Elder Packer once said, “Forgiveness will come eventually to all repentant souls who have not committed the unpardonable sin (Blasphemy against the Holy Ghost). Forgiveness does not, however, necessarily assure exaltation, as is the case with David.” I guess that statement and the story of King David causes me to question the Atonement. If you repent, I thought the Lord remembered your sins no more. So why, if the Lord would remember your sins no more would the chance of exaltation be taken off of the table as something you can obtain?
The story of King David presents more information to God’s children regarding his justice and his mercy. We know from the Book of Mormon, that our Heavenly Father is not able to allow his mercy to rob justice and its demands.
King David was taught, and was a child of the Lord’s covenant people. When King David purposely sent Uriah to the front lines, he knew Uriah would die. King David also knew from his youth that murder was against the 10 commandments.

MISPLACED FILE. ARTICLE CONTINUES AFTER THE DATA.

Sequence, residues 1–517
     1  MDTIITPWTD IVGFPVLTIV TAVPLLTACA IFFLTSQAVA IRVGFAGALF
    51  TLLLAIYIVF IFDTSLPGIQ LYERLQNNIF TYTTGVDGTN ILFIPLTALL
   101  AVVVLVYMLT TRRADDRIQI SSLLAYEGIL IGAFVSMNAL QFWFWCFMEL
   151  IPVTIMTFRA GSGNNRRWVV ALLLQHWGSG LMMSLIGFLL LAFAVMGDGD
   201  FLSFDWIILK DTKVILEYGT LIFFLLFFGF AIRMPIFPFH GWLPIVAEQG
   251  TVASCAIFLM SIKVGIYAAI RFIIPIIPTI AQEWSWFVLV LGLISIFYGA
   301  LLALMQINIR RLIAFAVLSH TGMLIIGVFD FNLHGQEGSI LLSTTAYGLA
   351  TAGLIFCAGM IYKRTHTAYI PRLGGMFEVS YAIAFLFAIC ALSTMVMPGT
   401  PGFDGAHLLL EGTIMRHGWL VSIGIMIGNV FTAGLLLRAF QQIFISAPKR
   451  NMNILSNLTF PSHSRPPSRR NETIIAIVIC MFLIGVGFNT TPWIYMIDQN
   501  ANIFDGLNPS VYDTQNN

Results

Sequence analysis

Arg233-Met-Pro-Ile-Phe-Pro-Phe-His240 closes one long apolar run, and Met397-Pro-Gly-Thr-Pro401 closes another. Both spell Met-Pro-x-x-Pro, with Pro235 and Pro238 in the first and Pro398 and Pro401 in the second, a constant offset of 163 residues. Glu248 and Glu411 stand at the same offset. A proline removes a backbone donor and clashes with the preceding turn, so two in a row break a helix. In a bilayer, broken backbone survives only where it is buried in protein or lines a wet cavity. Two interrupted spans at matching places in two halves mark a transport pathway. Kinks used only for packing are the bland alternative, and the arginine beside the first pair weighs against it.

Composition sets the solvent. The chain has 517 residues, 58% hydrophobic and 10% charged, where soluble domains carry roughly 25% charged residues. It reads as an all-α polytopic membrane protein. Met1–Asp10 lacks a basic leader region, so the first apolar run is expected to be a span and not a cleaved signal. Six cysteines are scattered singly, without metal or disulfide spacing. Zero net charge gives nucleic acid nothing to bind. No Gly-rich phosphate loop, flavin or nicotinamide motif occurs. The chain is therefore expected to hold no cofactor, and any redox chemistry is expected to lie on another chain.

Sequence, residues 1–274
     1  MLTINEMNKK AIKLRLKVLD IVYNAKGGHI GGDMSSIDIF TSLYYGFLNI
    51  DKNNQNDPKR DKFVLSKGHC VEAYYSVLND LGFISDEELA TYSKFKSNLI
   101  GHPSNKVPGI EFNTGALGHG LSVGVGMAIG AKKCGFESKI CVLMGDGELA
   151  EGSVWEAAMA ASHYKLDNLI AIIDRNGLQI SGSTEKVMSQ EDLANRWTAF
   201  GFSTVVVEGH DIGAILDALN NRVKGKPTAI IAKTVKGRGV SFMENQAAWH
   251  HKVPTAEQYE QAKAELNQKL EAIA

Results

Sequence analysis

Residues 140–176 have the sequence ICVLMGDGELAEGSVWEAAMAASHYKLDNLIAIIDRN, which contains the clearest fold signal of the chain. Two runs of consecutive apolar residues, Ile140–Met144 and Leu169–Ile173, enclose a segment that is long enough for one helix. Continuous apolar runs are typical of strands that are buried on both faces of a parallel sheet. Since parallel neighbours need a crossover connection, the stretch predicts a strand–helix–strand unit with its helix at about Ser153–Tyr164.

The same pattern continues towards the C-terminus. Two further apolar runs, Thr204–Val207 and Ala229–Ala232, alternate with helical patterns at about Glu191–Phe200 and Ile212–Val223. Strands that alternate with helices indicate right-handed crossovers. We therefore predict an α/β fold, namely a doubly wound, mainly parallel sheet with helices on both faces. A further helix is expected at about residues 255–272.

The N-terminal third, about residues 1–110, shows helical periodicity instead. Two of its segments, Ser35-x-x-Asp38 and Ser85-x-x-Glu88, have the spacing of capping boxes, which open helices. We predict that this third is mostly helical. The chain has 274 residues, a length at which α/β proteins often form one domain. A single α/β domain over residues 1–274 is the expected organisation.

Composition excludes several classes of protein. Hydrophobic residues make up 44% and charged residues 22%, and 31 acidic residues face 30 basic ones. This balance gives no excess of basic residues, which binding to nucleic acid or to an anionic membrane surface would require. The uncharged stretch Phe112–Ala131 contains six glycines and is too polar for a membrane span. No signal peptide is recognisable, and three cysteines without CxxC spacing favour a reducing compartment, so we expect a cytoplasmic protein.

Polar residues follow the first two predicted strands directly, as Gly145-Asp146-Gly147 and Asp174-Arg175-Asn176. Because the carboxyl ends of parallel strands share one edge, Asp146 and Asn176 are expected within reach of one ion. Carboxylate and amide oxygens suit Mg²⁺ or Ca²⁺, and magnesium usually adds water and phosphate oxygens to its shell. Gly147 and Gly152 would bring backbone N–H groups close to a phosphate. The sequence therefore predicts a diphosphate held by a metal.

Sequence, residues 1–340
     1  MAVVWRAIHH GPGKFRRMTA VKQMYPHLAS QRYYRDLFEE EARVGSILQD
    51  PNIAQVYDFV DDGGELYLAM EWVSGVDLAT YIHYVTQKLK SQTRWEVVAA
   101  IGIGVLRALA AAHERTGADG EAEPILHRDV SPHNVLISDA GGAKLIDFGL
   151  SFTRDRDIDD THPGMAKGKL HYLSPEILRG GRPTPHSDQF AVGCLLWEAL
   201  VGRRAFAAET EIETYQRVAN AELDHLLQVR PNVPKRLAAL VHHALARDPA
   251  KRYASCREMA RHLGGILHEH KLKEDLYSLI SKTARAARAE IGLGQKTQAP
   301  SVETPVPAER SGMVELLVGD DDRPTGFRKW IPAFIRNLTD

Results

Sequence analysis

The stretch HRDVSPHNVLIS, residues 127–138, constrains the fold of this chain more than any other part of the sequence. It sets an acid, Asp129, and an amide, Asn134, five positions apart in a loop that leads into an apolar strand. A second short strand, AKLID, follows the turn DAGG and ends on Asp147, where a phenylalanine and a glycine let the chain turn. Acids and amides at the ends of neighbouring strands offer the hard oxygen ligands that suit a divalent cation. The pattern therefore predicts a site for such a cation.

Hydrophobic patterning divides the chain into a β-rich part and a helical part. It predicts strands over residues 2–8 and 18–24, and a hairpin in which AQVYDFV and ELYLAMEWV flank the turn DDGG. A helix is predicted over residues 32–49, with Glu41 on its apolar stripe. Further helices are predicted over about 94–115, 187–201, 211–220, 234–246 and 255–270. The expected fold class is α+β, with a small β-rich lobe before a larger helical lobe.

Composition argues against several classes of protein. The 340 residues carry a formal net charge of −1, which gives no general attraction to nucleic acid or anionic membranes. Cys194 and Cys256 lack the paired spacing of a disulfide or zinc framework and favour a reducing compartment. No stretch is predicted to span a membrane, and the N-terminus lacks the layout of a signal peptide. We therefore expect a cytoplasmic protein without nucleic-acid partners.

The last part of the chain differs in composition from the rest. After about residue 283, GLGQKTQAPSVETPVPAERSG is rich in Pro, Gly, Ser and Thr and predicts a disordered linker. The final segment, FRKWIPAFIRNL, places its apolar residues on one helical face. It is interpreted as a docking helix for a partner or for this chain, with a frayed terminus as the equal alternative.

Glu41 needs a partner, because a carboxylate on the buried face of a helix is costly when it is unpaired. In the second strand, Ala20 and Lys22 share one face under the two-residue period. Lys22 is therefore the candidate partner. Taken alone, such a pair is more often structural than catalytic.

Yet, we find another example in the Book of Mormon where some Lamanites, blood thirsty and murderers of the Nephites took an oath, a covenant, with God in hopes that they would find forgiveness from their blood stained swords.
There is a difference between the Lamanites and King David. The Lamanites from their infancy were taught to hate and kill the Nephites. King David however was taught not to murder at all, unless he is defending himself as in times of war.
The atonement of Jesus Christ is not permission or allowance of any sin, but an opportunity to be forgiven. The atonement doesn’t take away the consequences of certain decisions. Thus, according to the knowledge King David had, he has found himself in a position where his sin is not covered by the atonement to allow him entrance for exaltation.